REVIEW || How Remarkable Women Lead by J. Barsh and S. Cranston 


Hello Royalty.

How’s your week going? I know I promised this post was going to come on Wednesday and I sincerely apologize that it is a day late.

To the review,

Publisher: Crown Business

Pages: 355

Format: Hardcover

Forbes could not be more right when describing this book as, “full of compelling real-life narratives and useful insights for those seeking to get out into the bustling, confusing, irreverent,  and potentially rewarding life of the twenty-first century .”


Barsh and Cranston have done a most excellent job putting this together.  The book is sectioned into five parts – each part explaining which steps to take on becoming remarkable.  There are twenty five chapters,  each beginning with a quote and each dwelling on a remarkable leader – her ups, her downs and her strive and her thrive.

Part One: MEANING 

This part dwelt on having a deep sense of meaning attached to whatever purpose you are trying to achieve.  Chapter One opens up with the story of Amina Susannah Agbaje, who started her own law firm to fulfil a childhood dream. Although meaning does not come so early for everyone like Amina, I realized it is the crux of an ever-progressing life and career. This part also encourages us to draw on our core strengths, to have a sense of purpose and fulfilment and to never stop dreaming. One of my favorite quotes from the part says,

To love what you do and feel that it matters – how could anything be more fun? – Katherine Graham,  first female CEO of a Fortune 500 company.


You know that ah-ha moment when your thoughts help you to get things altogther? In this book, we are encouraged to frame life and situations positively.

There was a scenario on page 69, it goes like this :

Your boss calls you in for an unexpected meeting. When you enter the room, you observe two other executives with her. They immediately stop talking and hastily put away their papers. They avoid looking at you as they leave. Your boss looks down at some papers and then back up at you. She doesn’t ask you to sit.

What is your immediate reaction – your gut feeling? When discussing this scenario with a group of women, we singled out two who shared their top of mind reactions. “Oh, I must have done something terrible,” the first woman blurted out. “I must be in danger of losing my job. I’m feeling a bit ill!” We turned to the second woman, who was smiling. “They were probably finishing up some other business,” she said. “Who knows? I’ll ask the boss what’s going on!”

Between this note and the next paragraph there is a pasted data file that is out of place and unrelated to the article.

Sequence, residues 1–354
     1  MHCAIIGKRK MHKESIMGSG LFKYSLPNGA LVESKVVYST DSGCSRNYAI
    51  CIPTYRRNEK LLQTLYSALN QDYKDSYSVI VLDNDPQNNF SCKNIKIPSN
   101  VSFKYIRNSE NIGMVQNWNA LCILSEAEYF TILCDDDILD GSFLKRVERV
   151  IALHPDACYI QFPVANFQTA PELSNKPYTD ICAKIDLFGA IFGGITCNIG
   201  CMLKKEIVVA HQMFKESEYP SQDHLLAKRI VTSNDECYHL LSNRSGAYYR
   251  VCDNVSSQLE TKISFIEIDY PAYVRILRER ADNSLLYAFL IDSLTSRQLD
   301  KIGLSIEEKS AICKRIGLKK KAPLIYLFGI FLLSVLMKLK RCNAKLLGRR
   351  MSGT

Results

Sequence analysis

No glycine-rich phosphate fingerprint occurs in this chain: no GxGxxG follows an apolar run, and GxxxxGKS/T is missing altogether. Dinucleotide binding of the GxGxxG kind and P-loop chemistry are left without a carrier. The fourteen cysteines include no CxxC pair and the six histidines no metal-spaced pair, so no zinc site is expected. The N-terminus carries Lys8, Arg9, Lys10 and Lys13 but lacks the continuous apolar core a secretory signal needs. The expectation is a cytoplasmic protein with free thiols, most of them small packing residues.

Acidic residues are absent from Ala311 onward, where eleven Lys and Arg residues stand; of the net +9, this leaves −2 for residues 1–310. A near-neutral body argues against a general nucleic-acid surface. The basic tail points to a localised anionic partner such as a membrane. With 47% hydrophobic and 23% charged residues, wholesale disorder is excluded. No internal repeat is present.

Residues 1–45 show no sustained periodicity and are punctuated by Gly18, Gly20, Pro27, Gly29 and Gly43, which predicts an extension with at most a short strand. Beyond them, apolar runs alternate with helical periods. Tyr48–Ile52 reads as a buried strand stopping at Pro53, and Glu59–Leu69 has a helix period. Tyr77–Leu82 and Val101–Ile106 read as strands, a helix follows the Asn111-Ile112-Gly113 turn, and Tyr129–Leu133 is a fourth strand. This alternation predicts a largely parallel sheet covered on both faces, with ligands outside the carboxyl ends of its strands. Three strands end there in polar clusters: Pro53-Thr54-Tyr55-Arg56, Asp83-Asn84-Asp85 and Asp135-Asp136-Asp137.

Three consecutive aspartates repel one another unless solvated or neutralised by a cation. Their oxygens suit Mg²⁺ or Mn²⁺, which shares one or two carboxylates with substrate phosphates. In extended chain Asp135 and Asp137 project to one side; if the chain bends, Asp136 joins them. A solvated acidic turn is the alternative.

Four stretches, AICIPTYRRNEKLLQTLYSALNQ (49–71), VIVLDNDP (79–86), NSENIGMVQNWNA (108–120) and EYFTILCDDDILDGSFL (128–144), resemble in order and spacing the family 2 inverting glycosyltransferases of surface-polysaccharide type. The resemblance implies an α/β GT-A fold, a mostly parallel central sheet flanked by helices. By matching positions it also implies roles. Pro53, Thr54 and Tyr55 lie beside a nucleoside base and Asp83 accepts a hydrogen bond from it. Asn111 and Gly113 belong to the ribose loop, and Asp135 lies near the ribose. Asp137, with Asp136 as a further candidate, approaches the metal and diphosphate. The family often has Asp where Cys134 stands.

That explained positive framing to me in crystal clear terms! Do not turn the tables on yourself. View situations clearly and always avoid the downward spiral.


You must have heard it over and again, just like I have – you cannot do it alone! When I read the chapters in this part, I understood relationships and connections in a whole new light.  I found myself writing names and resolving to value my relationships the more. You see that inclusiveness and belonging? It’s everything! Denise Incandela, president of Direct Saks says, “What I didn’t realize is that I needed to build relationships and that I was never going to succeed on my own” On page 144, we are told to

“Remember that reciprocity is the essence of the Golden Rule: “Do unto others as you would have them do unto you.” Reciprocity is what Jonathan Hadit calls the “glue that holds societies together,”.


I’m talking to all the ‘shy’ people in the house or the ‘I’m-new-here-let-me-just-shut-it’ kind of people. We can all be that way sometimes. But you know what my book says? You can learn to speak up for what you want, too! Careers and lives are built on decisions that involve risk. You have a voice – use it!  No one is asking you to fight others with your opinions, but when it comes to things which really matter and things which affect you, learn to speak up!

I’ll stop there.


When you have meaning and you can analyse situations clearly and positively, plus great people in your life and the understanding that you have a voice which is allowed to roll over the earth, then you bet your energy tank is naturally filled to the brim. I really enjoyed reading Chapter 24 in this part about the “experience of flow” – that natural high when time passes unnoticed and work seems effortless. I wrote this review in that kind of flow. Sure, flow can expire…but knowing what keeps you up and constantly tapping into that will keep your fire on!

BTW, Mihály Csikszentmihályi, a psychologist at the University of Chicago, identifies five conditions for flow on page 267:

  1. Clear and attainable goals
  2. Strong concentration on a focused topic
  3. Intrinsic motivation
  4. Balance of the challenge with your ability
  5. Immediate feedback

Yes! You read through to this point. Thank you! ? I’m sorry it was pretty longer than usual posts but I hope you learned a thing or two. For every woman desiring to excel in life and career, this book is a must read. And amazingly, the men can read it too!

About the Authors

Source: Penguin Random House

Joanna Barsh is a senior partner at McKinsey and company and the head of the Centered leadership Project whose research has brought about this book.




Source :LinkedIn

Susie Cranston is an Executive Vice President focused on strategic planning for First Republic  Private Wealth Management.





Thank you for your time!

Goodbye Royalty,

With Overflowing Love,

Alexandra Zion.

About the author
Christocentric. Academic. Writer. Poet


  1. I love the fourth part. I’ve always hidden under the ”I’m the shy girl” kinda thing but having been here, I’m gonna talk myself into voicing out again.

    1. Hello Kintola! I’m glad you’re planning to talk yourself into voicing out again! It might not be easy at first, but it is definitely worth the try and you’ll be just fine ☺

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